How to change cloud providers

"Change just ahead" sign post with clouds in background

When you sign up with a supplier, it's easy to forget that you may actually want to move away one day.

This could be for many reasons: maybe because you fell out with it maybe, another supplier has become more attractive for pricing reasons or it can offer you something that the incumbent can't. How, then, do you move your cloud services from one supplier to another?

The first thing you need to do is understand exactly what you're moving. Sounds a little odd, I know, but even in a relatively short relationship it's easy to end up using various features and forgetting that you've done so – primarily stuff that's ancillary but essential such as using the provider's DNS to host your domains. I've done a number of supplier moves over the years, and have found out the hard way that the things that bite you when they get turned off are the simple but essential items like DNS, email forwarding, web page forwarding and the like – because you're already fully aware of the big items that need to move.

Do it in time

As with every project, do things in a timely fashion. If you give notice on a service, there's every chance that it'll irrevocably stop working on the termination date you provided, and you can't necessarily undo a termination (I once considered reinstating a pair of WAN circuits because of a project delay and the vendor told me: “Well, it's fine by us but it'll cost you a five-figure sum for our upstream supplier to stop the termination”). Hence you need to ensure that you have everything planned sensibly and with some contingency in the plan for delays in getting the new service up and running.

Bear in mind also that some things do take time. If you need to change the DNS servers on your domains you'll need to allow 72 hours for it to happen at the registrar's end, for instance; and if you're looking at having direct network connectivity into your new cloud provider you'll need to accommodate potential delivery delays (I ordered a point-to-point circuit between two US cities in June 2011, and it was finally delivered in January 2012 despite promises from the local telco that it would be much sooner than that).

In many cases you won't need the vendor to do anything for you, but actually sometimes you will. Say you have several terabytes of data on your existing provider's cloud and you need to transport that data to the new provider: it may be more sensible to export it to a portable disk and transport it physically instead of copying it over the Internet.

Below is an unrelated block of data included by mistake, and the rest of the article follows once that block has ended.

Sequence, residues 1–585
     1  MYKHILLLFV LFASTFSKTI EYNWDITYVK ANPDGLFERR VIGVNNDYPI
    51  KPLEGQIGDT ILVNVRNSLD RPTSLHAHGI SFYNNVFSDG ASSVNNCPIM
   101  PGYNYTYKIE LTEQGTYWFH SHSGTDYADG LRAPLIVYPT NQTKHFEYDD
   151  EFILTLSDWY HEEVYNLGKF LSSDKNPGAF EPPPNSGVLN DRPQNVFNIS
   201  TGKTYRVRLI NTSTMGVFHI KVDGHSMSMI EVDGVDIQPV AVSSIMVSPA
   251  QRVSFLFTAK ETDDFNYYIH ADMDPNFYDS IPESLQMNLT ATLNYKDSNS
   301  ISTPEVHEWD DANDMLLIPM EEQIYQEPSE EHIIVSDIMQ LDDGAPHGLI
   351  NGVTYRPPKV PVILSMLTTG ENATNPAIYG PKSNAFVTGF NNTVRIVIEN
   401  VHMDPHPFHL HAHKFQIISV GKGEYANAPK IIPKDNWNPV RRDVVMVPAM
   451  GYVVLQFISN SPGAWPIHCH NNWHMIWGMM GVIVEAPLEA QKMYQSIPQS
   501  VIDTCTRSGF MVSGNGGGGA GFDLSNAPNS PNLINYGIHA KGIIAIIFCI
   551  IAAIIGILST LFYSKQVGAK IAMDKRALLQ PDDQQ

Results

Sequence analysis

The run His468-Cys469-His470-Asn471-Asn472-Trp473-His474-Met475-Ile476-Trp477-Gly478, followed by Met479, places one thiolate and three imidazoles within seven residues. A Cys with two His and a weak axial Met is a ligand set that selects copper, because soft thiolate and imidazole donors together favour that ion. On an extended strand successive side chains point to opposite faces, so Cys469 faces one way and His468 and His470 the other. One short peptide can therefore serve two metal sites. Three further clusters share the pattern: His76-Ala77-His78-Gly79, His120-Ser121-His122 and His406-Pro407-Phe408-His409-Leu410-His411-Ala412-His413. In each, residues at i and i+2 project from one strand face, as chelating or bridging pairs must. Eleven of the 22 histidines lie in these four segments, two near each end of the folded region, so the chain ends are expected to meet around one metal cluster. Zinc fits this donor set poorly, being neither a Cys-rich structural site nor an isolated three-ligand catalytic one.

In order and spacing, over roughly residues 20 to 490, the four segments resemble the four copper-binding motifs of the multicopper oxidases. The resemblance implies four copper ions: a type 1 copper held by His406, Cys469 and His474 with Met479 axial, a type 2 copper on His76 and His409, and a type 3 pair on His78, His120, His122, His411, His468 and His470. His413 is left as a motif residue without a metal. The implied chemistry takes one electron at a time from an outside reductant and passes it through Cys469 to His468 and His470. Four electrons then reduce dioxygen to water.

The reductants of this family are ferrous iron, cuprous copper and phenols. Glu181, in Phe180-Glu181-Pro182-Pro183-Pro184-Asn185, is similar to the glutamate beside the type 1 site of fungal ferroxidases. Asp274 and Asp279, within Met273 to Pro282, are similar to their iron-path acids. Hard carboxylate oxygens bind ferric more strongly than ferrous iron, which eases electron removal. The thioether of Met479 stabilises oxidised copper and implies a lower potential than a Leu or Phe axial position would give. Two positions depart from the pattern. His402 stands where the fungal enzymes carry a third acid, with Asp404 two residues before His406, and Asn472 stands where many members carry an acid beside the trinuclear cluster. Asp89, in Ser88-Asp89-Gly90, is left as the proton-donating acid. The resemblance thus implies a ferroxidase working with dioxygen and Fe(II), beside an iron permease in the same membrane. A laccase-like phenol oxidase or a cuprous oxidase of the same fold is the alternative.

If that's the case, though, you need to be clear on what the old provider is going to give you in the way of support. The vast majority of experiences I've had in this field have been excellent – the outgoing provider has been helpful and proactive despite having every justification for conforming grudgingly and doing everything as slowly as the SLA would allow them to. This doesn't mean that your provider will be similarly inclined, though, so be clear on what they're obliged to do and talk to them up front to see if (for example) their support can be improved by paying a modest fee for a short-term escalation in support response.

Deal with design changes

There will definitely be differences between the old provider's setup and the new – even if they do extend only to the IP addresses of the Internet-facing services. You must, however, consider all the potential differences and before even coming close to a migration you must test all of your applications on the new vendor's infrastructure to ensure that there are no architectural issues to bite you on migration night.

Consider also the architecture in the old and new providers' setups. Although there are no standards for cloud services, the fact remains that there's only a handful of technologies they can be using; so if your current provider is VMware-based (other hypervisors are available!) you'll want to look to pick a similarly equipped new provider if you want to make your export/import process as seamless as possible.

Run in parallel

It's also a very sensible idea to run your applications in parallel and migrate gradually if you can; big-bang migrations generally imply downtime, and if you can migrate over time that's a far preferable approach. If you do have to go for the big bang, though, make sure you have the old and the new running in parallel because you may well have to make a "no go" decision at the time of migration and roll back to the old service.

The bottom line with changing providers is simple: think about it, test it before you leap, time the cut-off of the old service such that you can roll back if you need to, and above all time it sensibly and assume it'll over-run – because it probably will.